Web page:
Apr 28, 2011

Getting Started

I got an email from someone today and in answering her questions I learned a lot about ... well what I have learned. This will be a permanent post under the "Getting Started" page.
The person wrote, 
Hi! my name is XXXXX and i have been reading your blog. i cant tell you how inspiring it has been to me. i too am very overweight and know i can do it alone but i dont know where to begin. my family and friends want to to get the gastric bypass surgery but i dont know. i feel like enough is enough, my health and my life are on the line and i want to take charge of it myself. i dont want to take the easy way out, as i feel the surgery would be. if you could possibly tell me what plan you are using. your progress is nothing if not inspiring. i have slowly but surely began walking. there is a park near my house and i never took the time to even walk it and enjoy it. i feel like a failure for not noticing that God had provided me with a place i can go to, a sanctuary of sorts to weight loss success. i guess what i am saying is that, ive begun to move, i just need help learning to eat or to not eat so much and what to eat, etc. i greatly appreciate any help you can give and any information you can share.
thank you and God bless,
XXXXX
I responded,
There are no secrets to weight loss. It is a matter of persistent tracking, hard work and a LOT of self refection. It's impossible to understand all the reasons one lets themselves get to where I was when you are at the beginning. Getting the ball rolling from a dead stop is hard.
Following someone a plan laid out by someone else is a great starting point. It takes the guess work and the trial and error out at first. I suggest, at least at first, NOT using meal supplement plans. Slimfast and the like are not a sustainable way of living in my perspective of things. The following are things that have been critical to my success. I am not a doctor or a nutritionist. I am not selling a diet or a solution.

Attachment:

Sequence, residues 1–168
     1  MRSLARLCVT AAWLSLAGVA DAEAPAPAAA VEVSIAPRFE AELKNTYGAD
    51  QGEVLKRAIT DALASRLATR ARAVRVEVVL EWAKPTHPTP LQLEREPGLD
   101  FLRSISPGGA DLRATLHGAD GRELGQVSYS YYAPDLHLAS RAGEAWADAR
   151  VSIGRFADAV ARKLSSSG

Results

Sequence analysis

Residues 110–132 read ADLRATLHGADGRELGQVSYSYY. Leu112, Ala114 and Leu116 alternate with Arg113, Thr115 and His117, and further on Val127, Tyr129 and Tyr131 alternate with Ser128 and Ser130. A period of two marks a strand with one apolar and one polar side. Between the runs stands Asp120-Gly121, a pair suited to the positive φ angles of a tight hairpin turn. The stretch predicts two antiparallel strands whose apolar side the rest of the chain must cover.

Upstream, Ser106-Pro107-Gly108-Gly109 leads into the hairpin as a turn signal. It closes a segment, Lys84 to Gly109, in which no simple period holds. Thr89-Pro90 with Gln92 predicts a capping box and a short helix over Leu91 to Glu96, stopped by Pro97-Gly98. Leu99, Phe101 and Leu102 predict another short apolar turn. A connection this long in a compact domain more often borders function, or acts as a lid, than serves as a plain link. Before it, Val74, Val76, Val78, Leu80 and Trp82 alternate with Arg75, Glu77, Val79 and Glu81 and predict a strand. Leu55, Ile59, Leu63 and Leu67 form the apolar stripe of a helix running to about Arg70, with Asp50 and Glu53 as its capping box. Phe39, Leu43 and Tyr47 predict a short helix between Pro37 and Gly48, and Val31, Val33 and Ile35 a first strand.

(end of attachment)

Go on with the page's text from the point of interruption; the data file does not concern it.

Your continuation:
For starters, You will need to have a few tools:
  • Food scale
  • Measuring Cups and spoons
  • Scale (don't know how much you weigh but I got this scale that measures up to 550lbs off Amazon.com)
  • Body Measuring tape
  • Set up an account at MyFitnessPal. It's free.
I have found that any plan worth following will have the following aspects. Choose a plan you think you can stick with that encompasses the following:
1. Be accountable to someone other than yourself. When you get to a place where you have let yourself go, you have trained yourself to believe lies. I had to tell myself my lifestyle wasn't that bad, that I was eating what a normal person was eating.... Find a person or a group who will help you see when you are not being honest with yourself. I chose the blog world because I needed to hear from people who had to start as far back as I was. No more "you just don't understand" excuses.
2. Get an extensive physical. It makes no sense to beat yourself over the head trying to lose weight without understanding where you are at medically. There are a slew of things that will stunt your weight loss efforts. Get your blood work done! Have your doctor check you thyroid and insulin levels. It sucks to get a physical when you start but some of my most rewarding moments are my doctor's office checkups when I can report to my doctor the progress I am making.
3. Get starting measurements: